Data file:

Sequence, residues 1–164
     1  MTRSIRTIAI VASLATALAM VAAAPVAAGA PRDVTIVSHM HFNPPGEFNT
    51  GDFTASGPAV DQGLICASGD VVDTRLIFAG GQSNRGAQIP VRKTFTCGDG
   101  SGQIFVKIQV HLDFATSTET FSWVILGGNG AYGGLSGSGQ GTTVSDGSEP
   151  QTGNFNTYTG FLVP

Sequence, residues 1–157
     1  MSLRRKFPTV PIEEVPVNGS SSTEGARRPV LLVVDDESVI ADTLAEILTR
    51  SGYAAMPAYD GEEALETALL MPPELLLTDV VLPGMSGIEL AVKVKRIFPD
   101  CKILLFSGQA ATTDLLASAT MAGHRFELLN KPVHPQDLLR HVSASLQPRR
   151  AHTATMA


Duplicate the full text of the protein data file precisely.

Sequence, residues 1–164
     1  MTRSIRTIAI VASLATALAM VAAAPVAAGA PRDVTIVSHM HFNPPGEFNT
    51  GDFTASGPAV DQGLICASGD VVDTRLIFAG GQSNRGAQIP VRKTFTCGDG
   101  SGQIFVKIQV HLDFATSTET FSWVILGGNG AYGGLSGSGQ GTTVSDGSEP
   151  QTGNFNTYTG FLVP

Sequence, residues 1–157
     1  MSLRRKFPTV PIEEVPVNGS SSTEGARRPV LLVVDDESVI ADTLAEILTR
    51  SGYAAMPAYD GEEALETALL MPPELLLTDV VLPGMSGIEL AVKVKRIFPD
   101  CKILLFSGQA ATTDLLASAT MAGHRFELLN KPVHPQDLLR HVSASLQPRR
   151  AHTATMA